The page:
Can Treating Sleep Apnea Increase Life Expectancy?
Our bodies need sleep in order to function efficiently and effectively. Scientific evidence tells us that we need to maintain a regular sleep routine so that our bodies can carry out vital maintenance processes to rest and repair the body while we sleep.
Some people, although they may be going to bed for eight hours, they may not be getting the proper quality sleep that's required by the body in order to rejuvenate itself and ensure all systems are working to their full potential. This can have serious repercussions for our health and longevity.
Recognizing the Condition
Sleep apnea is a sleep disorder in which breathing and sleep are interrupted intermittently during the night. There are three types of sleep apnea. Central sleep apnea is quite rare as this involves faulty signals from the brain to the muscles involved with breathing.
Obstructive sleep apnea (OSA) is the most common form. The body relaxes during sleep and as the airways relax, they effectively 'collapse' and block the airflow. When this happens, the heart rate and oxygen levels drop.
To combat this, the body panics and wakes itself up in order to restart breathing. This can happen over and over during the night and places stress on the heart, increasing the heart rate and blood pressure. It is also possible to have a mixture of the two types of apnea and this is referred to as 'mixed type'.
As the condition is connected to sleep, it is usually the partner who notices the warning signs of OSA; this includes loud snoring. A partner may even notice pauses in breathing followed by gasping sounds. If you suffer from OSA you may need to urinate frequently during the night or wake with a headache and/or dry mouth. You are likely to experience daytime tiredness and may be irritable too.
OSA is more commonly found in males, those over 40, people who are obese and smokers. It can also run in families. Children may suffer from OSA but this is usually due to a physical issue such as enlarged tonsils or adenoids.
Untreated Sleep Apnea and Life Expectancy
The yo-yo effect on the heart and blood pressure, and constant interruptions to sleep place an enormous strain on the body. The American Academy of Sleep Medicine has some statistics which suggest that untreated sleep apnea can double your risk of death. Other studies also confirm that the condition shears several years off a person's life.
Some of the long-term effects of the condition on the cardiovascular system include:
- Blood pressure
- Irregular heartbeat
- An enlarged heart
- Heart failure and stroke.
The condition is also linked with diabetes and obesity and may occur with other conditions like chronic obstructive lung disease.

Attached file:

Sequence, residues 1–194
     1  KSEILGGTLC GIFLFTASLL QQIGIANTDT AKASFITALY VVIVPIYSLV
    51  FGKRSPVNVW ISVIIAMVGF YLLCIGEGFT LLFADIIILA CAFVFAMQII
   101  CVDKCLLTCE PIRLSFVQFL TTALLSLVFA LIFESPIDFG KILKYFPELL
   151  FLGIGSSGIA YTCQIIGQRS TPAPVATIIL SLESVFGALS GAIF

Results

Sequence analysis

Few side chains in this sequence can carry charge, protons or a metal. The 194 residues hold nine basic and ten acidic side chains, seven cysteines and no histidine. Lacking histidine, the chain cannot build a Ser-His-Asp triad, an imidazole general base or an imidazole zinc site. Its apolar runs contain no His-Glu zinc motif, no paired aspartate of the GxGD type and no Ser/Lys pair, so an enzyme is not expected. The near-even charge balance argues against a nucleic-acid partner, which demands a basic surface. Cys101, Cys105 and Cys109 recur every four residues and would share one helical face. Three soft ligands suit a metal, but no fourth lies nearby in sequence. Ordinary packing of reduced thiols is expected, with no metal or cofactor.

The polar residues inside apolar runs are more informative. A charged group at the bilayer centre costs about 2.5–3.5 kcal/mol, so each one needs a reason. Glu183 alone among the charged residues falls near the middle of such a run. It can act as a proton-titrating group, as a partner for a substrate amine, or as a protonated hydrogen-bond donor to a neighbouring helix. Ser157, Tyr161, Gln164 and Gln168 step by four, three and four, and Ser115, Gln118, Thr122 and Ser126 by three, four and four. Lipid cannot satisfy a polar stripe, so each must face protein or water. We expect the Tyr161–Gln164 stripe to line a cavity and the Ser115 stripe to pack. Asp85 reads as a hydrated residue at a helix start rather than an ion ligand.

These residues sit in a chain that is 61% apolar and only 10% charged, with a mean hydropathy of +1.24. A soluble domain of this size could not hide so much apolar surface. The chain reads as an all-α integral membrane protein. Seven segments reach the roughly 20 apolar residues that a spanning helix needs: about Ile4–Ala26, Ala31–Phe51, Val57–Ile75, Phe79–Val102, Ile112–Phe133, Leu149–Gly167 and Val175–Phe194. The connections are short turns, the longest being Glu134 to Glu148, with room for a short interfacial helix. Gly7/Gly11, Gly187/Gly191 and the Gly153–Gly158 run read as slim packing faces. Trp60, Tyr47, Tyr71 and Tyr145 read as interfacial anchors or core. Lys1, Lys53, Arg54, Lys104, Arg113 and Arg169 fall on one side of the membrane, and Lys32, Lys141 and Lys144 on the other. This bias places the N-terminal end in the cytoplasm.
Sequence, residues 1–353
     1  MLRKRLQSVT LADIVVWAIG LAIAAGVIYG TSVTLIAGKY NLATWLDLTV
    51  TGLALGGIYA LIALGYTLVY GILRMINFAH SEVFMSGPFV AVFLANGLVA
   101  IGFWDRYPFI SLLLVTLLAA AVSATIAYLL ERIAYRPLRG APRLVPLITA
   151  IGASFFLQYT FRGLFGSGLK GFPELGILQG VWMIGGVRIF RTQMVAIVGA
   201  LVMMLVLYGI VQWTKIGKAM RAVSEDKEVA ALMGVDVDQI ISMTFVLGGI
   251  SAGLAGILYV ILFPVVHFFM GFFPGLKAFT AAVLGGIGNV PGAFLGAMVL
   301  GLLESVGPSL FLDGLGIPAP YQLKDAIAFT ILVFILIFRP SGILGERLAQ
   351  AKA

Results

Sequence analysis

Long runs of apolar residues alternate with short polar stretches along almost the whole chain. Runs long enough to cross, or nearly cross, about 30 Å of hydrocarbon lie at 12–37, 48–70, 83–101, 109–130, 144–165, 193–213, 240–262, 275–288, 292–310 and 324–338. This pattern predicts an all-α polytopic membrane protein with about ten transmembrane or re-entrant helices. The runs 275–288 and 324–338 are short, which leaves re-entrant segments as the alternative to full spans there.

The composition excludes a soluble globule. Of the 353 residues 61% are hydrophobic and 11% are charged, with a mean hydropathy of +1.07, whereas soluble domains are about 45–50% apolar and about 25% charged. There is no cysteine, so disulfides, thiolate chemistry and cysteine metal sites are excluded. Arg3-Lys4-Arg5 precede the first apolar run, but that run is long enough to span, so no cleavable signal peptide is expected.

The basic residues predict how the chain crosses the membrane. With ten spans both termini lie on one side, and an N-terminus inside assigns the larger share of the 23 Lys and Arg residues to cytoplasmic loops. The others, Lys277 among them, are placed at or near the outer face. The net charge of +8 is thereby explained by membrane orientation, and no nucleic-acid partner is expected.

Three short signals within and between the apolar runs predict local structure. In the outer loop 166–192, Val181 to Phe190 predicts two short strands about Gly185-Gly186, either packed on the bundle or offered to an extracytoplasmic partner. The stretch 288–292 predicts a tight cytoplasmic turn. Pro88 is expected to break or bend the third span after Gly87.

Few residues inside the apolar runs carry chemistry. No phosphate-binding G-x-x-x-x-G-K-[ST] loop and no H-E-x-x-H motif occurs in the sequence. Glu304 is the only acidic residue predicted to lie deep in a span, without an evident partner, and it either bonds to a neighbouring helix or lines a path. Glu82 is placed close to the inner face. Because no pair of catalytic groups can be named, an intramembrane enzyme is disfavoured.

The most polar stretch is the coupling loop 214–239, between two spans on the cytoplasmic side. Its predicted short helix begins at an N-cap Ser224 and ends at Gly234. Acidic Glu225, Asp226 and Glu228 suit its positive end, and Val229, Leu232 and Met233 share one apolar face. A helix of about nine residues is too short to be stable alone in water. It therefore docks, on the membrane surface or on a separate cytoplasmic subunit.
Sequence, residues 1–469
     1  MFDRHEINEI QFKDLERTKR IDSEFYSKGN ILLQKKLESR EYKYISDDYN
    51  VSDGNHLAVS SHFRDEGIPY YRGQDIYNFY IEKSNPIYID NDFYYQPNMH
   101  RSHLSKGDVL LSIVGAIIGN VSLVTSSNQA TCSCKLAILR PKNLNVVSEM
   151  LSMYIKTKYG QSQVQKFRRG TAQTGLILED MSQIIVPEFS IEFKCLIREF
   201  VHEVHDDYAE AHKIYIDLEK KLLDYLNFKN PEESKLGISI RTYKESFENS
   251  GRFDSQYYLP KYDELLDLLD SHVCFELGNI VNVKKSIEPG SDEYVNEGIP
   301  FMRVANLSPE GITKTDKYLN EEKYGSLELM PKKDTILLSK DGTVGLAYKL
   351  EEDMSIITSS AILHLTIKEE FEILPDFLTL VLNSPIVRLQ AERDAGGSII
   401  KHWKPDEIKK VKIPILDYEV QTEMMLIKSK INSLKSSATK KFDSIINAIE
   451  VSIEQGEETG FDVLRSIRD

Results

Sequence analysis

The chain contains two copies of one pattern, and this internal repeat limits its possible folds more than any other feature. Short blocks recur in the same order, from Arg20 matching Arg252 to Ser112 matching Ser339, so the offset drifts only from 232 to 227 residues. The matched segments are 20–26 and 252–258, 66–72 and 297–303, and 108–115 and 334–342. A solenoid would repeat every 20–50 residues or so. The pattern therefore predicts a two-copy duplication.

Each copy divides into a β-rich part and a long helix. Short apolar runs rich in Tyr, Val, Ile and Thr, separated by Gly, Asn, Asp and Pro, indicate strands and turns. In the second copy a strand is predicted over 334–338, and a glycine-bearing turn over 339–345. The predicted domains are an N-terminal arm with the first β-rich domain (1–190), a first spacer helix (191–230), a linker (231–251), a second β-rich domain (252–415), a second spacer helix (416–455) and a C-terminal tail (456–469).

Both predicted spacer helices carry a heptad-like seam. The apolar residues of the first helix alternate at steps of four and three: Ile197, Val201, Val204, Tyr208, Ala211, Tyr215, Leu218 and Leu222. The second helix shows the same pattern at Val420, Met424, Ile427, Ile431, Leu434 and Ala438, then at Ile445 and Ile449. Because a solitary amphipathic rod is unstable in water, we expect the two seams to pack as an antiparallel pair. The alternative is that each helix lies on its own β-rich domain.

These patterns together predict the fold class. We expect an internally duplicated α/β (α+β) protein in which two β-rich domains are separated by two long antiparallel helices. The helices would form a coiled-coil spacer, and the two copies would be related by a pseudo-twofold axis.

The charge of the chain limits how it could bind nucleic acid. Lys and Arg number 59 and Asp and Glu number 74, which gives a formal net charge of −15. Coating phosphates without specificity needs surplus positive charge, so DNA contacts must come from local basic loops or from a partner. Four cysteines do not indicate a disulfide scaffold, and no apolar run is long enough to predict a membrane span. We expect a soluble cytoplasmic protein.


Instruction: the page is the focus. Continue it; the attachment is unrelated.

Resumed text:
Not only can life expectancy be cut by these related health issues, tiredness and fatigue can lead to errors in judgment, driver safety and accidental death. In 2016, a train driver who crashed a train into a New Jersey train station injuring over 100 people and killing one, was found to be suffering from OSA.
It's important to get a diagnosis for a sleep disorder. Often this involves a polysomnogram which studies your sleep, and an assessment of your mouth and throat to determine if there is a physical reason for the blockage such as enlarged tonsils.
If diagnosed with OSA, you may be advised to make some lifestyle changes such as quitting smoking or losing weight. Some people with mild OSA (mild OSA means that you may stop breathing briefly between 5 and 15 times a night), may benefit from sleeping on their side too.
However, for people with moderate or severe OSA (moderate; stops breathing 16-30 times per night, severe; stops breathing more than 30 times a night), CPAP therapy is the most common form of treatment.
How CPAP Therapy Improves Life Expectancy
A CPAP, or continuous positive airway pressure machine, keeps the airways open by forcing air through the nose and mouth. A small machine delivers the air through a tube into a mask which is worn by the sleeper. A variety of masks are available to suit the person's particular needs.
The great news is that as well as improving a person's ability to sleep and breathe, a 2018 study of Danish adults conducted over 13 years showed that use of a CPAP machine reduced the risk of heart failure.
Further longitudinal studies also show that benefits of CPAP therapy occur after six or seven years of therapy. Researchers now believe that they have evidence to suggest that CPAP therapy can reduce the risk of cardiovascular events and improve life expectancy.
Sleep apnea is a serious sleep disorder so it's important to get a diagnosis and treatment. Sleep apnea affects you physically, mentally and emotionally and can cut years off your life.
Don't let a sleep disorder affect your health and wellbeing; talk to your doctor or health expert about your symptoms today. CPAP therapy may be able to relieve your symptoms and restore your life expectancy.
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